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Thread: 338wm reduced loads needed

  1. #1

    Default 338wm reduced loads needed

    Trying to develop a load my boy can use in my 338 sako carbine. He's become pretty good with it shooting cast lead using 20gr of 2400. Now I'm looking for a jacketed bullet load.

    I'd like to get a load for a 180gr nosler or 200 gr hornady going at about 2200-2400. Should be about like a 308 level, maybe similar to the new 338 Federal but in a 338wm case.

    My old speer manual shows a lightest load of 57gr of imr 4064 under the 200 gr for 2500 fps. I only have a couple of manuals and the online info seems to focus on the high end velocities. I guess i'll go with the speer loading and try working down if no one has a better suggestion... Thanks for your ideas.

  2. #2

    Default Be careful

    It is not safe to reduce the load in a case with the capacity of the .338 Win Mag too much. You can actually create a high pressure situation. This is with the jacketed bullets you mentioned. A 200 grain bullet at 2500 fps is a 30-06 type load and I don't recommend you go much below the recommended starting loads. They are where they are for a reason. Shooting a cast bullet with 20 grains of 2400 is do-able because it is a lead bullet and doesn't create the friction and pressure a jacketed bullet does. Did you put some sort of filler in the case ahead of the powder, like kapok or cream of wheat to hold that small amount of powder in place for proper ignition?

  3. #3
    Member Daveintheburbs's Avatar
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    Default

    Take another look in the speer manual. They generally have one reduced load in each caliber using one of thier SR powders. I'll check mine tonight.

  4. #4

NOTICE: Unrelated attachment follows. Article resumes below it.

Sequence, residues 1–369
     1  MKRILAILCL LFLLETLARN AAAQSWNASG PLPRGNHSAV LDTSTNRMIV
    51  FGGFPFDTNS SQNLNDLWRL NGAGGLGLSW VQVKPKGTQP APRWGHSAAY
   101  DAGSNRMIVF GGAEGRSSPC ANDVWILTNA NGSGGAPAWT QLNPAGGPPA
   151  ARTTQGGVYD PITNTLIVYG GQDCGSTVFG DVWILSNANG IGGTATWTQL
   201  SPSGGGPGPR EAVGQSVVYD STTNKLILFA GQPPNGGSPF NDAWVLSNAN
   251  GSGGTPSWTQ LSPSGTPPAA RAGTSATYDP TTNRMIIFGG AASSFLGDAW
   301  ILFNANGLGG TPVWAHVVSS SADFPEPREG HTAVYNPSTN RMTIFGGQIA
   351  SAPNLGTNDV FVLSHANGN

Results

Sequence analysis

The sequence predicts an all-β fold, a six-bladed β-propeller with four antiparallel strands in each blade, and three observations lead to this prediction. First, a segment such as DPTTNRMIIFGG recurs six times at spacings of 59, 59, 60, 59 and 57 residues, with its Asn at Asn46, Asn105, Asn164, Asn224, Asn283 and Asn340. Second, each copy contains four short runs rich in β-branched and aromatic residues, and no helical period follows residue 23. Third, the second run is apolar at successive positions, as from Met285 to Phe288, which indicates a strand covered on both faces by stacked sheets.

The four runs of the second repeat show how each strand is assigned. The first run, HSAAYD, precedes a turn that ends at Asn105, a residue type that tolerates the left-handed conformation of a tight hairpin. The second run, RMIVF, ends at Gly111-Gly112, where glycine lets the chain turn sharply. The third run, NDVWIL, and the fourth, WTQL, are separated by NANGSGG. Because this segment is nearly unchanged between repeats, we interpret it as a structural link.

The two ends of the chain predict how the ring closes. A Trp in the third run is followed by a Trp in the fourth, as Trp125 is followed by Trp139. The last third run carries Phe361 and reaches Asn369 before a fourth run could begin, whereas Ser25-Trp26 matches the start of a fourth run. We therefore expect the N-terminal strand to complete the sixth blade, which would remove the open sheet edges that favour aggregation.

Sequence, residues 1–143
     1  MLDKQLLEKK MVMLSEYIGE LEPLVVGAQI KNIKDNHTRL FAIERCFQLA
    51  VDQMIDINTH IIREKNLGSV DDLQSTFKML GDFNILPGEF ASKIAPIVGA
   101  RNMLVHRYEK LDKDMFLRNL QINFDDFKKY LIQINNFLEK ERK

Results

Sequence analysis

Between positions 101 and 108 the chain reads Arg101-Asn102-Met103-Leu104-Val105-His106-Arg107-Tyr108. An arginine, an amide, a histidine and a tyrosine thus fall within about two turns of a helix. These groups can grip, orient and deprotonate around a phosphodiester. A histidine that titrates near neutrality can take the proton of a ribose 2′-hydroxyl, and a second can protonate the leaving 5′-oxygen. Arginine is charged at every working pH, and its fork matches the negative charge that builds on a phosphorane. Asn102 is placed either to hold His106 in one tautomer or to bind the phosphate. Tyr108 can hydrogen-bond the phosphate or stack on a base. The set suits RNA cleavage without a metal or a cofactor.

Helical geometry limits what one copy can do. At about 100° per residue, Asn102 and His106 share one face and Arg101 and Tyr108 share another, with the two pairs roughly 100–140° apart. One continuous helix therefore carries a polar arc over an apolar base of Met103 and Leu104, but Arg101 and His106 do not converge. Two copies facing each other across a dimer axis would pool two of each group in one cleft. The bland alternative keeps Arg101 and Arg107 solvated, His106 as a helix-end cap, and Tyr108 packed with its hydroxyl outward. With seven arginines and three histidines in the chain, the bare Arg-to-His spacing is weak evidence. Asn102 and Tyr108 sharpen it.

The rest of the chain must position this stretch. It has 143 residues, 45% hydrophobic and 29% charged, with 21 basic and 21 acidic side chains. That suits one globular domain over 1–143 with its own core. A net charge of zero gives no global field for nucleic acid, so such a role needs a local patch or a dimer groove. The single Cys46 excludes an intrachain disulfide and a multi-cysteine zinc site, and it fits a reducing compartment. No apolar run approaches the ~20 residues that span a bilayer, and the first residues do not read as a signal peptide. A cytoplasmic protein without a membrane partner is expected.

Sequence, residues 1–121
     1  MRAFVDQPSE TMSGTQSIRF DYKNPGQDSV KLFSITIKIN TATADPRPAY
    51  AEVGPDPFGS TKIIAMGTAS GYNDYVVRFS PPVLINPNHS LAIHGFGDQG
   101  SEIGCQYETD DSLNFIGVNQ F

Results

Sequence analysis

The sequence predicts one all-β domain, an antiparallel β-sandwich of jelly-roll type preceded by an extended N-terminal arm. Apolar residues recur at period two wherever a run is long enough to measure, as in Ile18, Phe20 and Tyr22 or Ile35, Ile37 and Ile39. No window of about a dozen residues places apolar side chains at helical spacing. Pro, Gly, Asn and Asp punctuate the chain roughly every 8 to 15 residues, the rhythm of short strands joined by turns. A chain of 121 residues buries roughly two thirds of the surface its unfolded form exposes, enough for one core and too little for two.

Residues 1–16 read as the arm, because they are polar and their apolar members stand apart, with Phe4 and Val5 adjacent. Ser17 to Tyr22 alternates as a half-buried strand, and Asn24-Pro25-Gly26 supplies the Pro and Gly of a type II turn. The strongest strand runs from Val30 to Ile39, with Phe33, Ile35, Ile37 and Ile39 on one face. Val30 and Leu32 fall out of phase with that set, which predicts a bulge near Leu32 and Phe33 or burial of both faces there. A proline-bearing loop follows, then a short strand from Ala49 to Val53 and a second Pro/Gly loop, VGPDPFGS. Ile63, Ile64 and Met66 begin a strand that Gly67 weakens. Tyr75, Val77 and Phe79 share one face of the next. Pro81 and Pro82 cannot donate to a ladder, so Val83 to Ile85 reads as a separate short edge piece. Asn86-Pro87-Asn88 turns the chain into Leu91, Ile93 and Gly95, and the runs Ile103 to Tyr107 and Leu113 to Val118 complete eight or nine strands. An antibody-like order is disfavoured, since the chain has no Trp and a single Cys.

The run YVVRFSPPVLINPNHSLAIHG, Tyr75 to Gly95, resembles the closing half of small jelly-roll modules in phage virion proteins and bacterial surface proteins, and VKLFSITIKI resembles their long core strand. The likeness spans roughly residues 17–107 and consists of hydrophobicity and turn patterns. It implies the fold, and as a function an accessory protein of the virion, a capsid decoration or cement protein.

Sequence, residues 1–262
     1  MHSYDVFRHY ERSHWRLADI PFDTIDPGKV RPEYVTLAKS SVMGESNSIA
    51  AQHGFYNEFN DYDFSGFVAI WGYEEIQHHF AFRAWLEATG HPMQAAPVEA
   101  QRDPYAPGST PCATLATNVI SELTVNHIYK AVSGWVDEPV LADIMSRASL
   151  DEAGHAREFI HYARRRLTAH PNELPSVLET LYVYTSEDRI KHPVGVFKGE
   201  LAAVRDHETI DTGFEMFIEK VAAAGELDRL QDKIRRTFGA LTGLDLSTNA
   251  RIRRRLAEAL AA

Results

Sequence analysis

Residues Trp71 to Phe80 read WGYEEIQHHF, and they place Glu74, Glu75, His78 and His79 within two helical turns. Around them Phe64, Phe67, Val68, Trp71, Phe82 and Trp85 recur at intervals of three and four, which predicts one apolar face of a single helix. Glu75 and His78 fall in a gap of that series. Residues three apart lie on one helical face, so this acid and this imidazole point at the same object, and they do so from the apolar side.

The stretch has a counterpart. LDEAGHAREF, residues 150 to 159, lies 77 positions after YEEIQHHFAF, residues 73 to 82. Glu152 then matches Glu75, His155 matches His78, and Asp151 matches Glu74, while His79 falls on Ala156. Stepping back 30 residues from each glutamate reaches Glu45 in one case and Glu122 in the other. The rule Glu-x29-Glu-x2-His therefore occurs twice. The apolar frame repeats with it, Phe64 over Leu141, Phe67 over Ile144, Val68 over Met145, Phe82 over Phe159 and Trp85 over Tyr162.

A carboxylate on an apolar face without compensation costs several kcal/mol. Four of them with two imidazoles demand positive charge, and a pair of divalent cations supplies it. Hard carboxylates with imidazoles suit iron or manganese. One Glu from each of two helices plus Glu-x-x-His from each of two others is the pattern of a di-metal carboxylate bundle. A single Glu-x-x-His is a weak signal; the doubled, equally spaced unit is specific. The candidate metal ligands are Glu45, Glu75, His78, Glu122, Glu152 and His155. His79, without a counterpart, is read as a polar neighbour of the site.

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    Quote Originally Posted by EricG View Post
    Trying to develop a load my boy can use in my 338 sako carbine. He's become pretty good with it shooting cast lead using 20gr of 2400. Now I'm looking for a jacketed bullet load.

    I'd like to get a load for a 180gr nosler or 200 gr hornady going at about 2200-2400. Should be about like a 308 level, maybe similar to the new 338 Federal but in a 338wm case.

    My old speer manual shows a lightest load of 57gr of imr 4064 under the 200 gr for 2500 fps. I only have a couple of manuals and the online info seems to focus on the high end velocities. I guess i'll go with the speer loading and try working down if no one has a better suggestion... Thanks for your ideas.
    Hornady's 200 grain FP (#3315 FP) was made for the 33 Winchester and is absolutely ideal for the velocity range you're looking at. I't discontinued, but worth tracking down. They're still floating around. And no, none of my stock is for sale. 50 grains of 3031 takes it down to 2500 fps. 45 grains brings it down into the 2300-2350 fps range. I got that slower load out of an older manual, but can't find the dang thing right now, but it's my standard starter load for new 338 shooters in the family. In fact it's the only 338 load my wife will shot. It's a sure-fire deer smacker out to a couple of hundred yards, so I bet it would be just fine for moose or elk out to 100 anyway, and maybe further.

  5. #5